The Windsor Monarchy

What Is Monarchy?
The Family
The Power
The Crown
The Partiality
The Glory
The Wealth
The Crown Estate
The Cost
Religion & Race
Our Civil Rights
The Excuses
The Future

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The Monarchy

A Brief Guide: How Much Do They Take From Our Pockets?

Most Expensive Monarchy

The Windsors are the most expensive monarchy in Europe. Republic, in its Royal Expenses report, has estimated the total taken from the people each year to fund the monarchy to be £345m. That is eight times the amount admitted in official statements.

2023 Update

"Slimmed-Down" Monarchy To Take 45% More of Our Money

Charlie Windsor became the hereditary head of state in 2023 and encouraged the idea that his would be a slimmed-down and less expensive monarchy.

So, in the words of the Financial Times (FT), "it was something of an about-turn when the Treasury announced last month that, far from cutting the royal cloth to match the times, the monarchy would instead be getting a pay rise of about 45 per cent"

The FT reported that public funding of the Windsor family would increase from £86.3mn in 2023/24 to £124.8mn in 2025/26. And then to £126mn in 2026/27. And these are conservative figures.

These increases are possible because the "sovereign grant" gives the Windsor clan a percentage of the profits from the Crown Estate. This public property holding has been given ownership of the seabed up to 12 nautical miles from the country's coast. And the proliferation of wind farms whose owners must pay a fee to the Estate in order to operate has made that seabed very profitable for that Estate.

Its profits are expected to go up from £442.6mn in 2023 to £1.04bn in 2023-4. In the period up to 2031 these profits are expected to reach £8bn.

In a smart trick Charlie announced that in the public interest he would not take the extra sovereign grant money this would result in.

In Britain's strange democracy the amount that the monarch is paid is decided by a panel of just three people, the prime minister, the chancellor of the exchequer and the monarch's financial adviser. It would be a surprise if all three were not ardent monarchists.

This unaccountable three did decide to reduce the Windsors' share of Estate profits from 25% to 12%.

But despite this apparent cut, according to the Financial Times the Windsors' income will still be on what it called an "upward trajectory", reaching, on a conservative estimate, well above £100mn a year by 2026.

As if this were not enough, income from The Royal Collection Trust, which manages an art collection, is expected by the Treasury to increase from £10mn to £16mn in coming years. And the duchies of Lancaster and Cornwall will bring the Windsors upwards of £50m a year in extra loot.

The unaccountable Windsors refused to comment on the FT report.

2021/22 UPDATE

The Windsors spent £102.4mn of the British people's money in 2021-22. That was up 17% from the year before.

Their travel cost taxpayers £4.5mn, utilities £3.2mn, payroll costs £23.7mn, and housekeeping and hospitality £1.3mn. Property maintenance cost £63.9m

A Caribbean tour by two family members cost £226, 000. Charlie Windsor spent £138,00 on a visit to Barbados.

The Guardian reported more details of the huge cost of the family.

A family affair

One reason for this is that in the kingdom, unlike republics, the people have to support a family, not just the head of state.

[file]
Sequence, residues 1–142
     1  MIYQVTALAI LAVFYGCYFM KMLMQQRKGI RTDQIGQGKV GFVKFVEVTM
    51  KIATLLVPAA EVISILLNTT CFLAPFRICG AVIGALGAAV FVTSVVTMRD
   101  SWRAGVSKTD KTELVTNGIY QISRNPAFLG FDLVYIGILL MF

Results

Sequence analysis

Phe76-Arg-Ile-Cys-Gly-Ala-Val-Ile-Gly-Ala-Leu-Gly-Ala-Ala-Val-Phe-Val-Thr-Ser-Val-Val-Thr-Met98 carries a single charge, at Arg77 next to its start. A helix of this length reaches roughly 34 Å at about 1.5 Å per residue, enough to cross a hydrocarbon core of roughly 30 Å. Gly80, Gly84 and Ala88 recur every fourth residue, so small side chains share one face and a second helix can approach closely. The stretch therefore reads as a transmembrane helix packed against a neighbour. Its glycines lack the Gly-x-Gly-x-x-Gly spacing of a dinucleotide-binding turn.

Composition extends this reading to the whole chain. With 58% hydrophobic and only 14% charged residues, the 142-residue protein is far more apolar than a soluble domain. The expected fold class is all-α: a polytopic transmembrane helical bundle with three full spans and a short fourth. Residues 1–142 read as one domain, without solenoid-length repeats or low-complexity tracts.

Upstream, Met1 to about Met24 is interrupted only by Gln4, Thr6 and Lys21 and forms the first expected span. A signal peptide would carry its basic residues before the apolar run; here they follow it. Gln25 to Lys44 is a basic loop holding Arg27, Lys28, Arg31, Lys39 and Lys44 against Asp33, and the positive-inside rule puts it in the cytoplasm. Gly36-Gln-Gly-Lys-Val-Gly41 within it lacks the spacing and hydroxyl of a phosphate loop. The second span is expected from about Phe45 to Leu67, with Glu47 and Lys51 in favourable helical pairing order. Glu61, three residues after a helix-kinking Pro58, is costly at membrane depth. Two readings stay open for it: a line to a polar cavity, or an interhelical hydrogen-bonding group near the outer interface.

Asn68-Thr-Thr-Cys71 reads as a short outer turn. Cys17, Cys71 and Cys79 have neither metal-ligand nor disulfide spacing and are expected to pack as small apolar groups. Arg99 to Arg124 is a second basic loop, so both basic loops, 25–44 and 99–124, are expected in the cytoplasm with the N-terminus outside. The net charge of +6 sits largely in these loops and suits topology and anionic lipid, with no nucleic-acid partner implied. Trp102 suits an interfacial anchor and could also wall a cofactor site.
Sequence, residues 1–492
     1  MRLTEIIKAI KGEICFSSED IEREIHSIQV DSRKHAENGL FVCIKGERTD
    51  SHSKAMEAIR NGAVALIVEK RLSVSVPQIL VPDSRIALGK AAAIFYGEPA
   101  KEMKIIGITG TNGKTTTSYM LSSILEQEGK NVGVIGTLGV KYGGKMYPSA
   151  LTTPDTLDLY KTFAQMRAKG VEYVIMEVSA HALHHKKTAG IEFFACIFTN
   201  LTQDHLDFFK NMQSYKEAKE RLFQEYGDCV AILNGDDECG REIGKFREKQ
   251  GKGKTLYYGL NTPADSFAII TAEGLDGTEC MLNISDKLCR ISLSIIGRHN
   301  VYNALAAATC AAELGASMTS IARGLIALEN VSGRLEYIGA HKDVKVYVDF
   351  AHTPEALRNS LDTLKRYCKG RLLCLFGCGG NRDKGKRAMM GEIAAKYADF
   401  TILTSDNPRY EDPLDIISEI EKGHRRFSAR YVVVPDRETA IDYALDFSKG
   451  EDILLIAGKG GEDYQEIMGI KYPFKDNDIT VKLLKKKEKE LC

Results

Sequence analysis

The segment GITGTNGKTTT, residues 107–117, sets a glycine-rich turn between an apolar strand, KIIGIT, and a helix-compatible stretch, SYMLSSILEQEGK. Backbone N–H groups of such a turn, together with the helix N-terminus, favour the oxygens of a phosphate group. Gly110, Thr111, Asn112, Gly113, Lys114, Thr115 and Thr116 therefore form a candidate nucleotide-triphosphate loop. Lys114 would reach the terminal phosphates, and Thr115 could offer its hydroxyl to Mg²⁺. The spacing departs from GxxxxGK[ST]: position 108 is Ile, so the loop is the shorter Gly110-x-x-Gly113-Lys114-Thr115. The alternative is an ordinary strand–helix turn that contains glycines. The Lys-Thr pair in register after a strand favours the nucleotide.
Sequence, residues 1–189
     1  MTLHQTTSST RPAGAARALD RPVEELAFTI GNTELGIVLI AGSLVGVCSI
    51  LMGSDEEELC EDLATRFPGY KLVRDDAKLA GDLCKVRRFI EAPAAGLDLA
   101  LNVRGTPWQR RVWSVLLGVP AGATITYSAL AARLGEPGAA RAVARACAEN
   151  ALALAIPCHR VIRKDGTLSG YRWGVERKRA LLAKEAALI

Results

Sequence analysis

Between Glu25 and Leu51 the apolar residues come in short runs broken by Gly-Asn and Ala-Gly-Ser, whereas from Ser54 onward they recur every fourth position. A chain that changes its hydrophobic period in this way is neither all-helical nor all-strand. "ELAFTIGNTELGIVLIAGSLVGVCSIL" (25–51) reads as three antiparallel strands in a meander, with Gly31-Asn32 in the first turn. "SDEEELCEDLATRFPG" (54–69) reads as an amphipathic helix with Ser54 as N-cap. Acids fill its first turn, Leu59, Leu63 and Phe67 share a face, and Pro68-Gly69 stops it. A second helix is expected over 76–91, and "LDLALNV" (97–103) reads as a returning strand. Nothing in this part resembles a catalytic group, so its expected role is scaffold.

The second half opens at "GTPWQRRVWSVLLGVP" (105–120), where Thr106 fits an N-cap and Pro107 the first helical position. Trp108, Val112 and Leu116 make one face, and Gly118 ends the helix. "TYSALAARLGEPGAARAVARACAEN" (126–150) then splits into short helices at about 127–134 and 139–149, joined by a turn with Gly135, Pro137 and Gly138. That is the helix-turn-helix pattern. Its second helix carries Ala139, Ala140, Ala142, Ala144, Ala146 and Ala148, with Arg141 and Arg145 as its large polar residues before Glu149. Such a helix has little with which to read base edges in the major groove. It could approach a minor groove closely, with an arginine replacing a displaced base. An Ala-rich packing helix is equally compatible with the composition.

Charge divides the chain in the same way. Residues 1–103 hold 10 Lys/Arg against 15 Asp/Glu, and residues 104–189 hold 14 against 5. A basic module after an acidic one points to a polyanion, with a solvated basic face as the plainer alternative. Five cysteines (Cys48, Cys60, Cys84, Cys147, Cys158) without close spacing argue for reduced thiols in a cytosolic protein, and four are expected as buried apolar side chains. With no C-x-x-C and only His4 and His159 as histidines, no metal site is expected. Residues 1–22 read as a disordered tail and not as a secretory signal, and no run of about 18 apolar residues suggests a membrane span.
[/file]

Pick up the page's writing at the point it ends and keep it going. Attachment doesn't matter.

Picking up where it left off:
Charles Windsor was paid more than £20m a year just for being the son of the hereditary head of state. That money came from the Duchy of Cornwall. His dad, Philip, had no duchy. His consolation prize was an annual grant of about £400,000.

And there are also 15 relatives of queen Windsor, sometimes known as "minor royals", who also live on lavish state benefits paid from the pockets of the British people. The justification given for these payments is that these relatives carry out public engagements that take very little of their time.

From Our Public Resources

The clan gets its huge income from a number of sources. A large part is taken from the income generated by public property holdings. Some of it comes directly from the taxpayers. The total cost to the people has been estimated by the monarchist Telegraph newspaper at £300m a year.

The best known income is the "sovereign grant". This has been paid since 2012 and is taken from the income of the public property portfolio known as the "Crown Estate", which includes the seabed around Enland, Wales and Northern Ireland. Until 2016 15 per cent of Estate income was transferred to the Windsor family each year, giving them £42.8m in that year.

In 2016 the prime minister, the chancellor of the exchequer and Windsor's chief financial officer decided amongst themselves to increase the percentage to 25 per cent for 10 years to pay for improvements to the family's main London home, Buckingham Palace. In the 2018-19 year alone that gave the Windsors £82m.

This grant replaced "civil list" grants that were paid directly from taxes. Its introduction was one of the most shameful concessions to hereditary privileges that Britain's parliament has ever made. The change was intended by supporters of the fuedal institution to strenthen the privileges of the Windsor family. It reduces public and parliamentary scrutiny of spending on the clan. And it provides a high chance of an automatic annual increase in income as the profits of the Estate rise. It was also a concession to the Windsor belief that the Crown Estate belongs to them.

The feudal family say that they give back more than they take by "surrendering" to the state the income from the Crown Estate, which they claim to be their private property. The Crown Estate is, in fact, the property of the people of Britain. The Windsors have no more right to it than the Prime Minister has to 10 Downing Street.

"The Monarchy must continue to play a vital role in the affairs of our nation in this new century; . . . (the Labour Party intends) to support the Chancellor . . . to strike a fair and workable balance between the legitimate needs of the Royal Household and the interests of the taxpayer."
Ed Balls, Shadow Chancellor of the Exchequer, supporting giving the Windsors 15% of so-called Crown Estate income.

The Duchies

Queen Windsor and her son Charles also take the income from two "duchies". These are property holdings and investments that members of the Windsor family are allowed to benefit from. Whoever becomes Britain's hereditary head of state also becomes the "Duke of Lancaster". The eldest son of the head of state is automatically the "Duke of Cornwall".

The monarch is given the revenue profits from the 45,600 acre Duchy of Lancaster and his eldest son is allowed to take the income from the Duchy of Cornwall. This Duchy's land holdings include the 70,000 acres of Dartmoor. In 2023 the duchies generated a total of £41.8m in spending money for the Windsors, some of which was spent on official duties.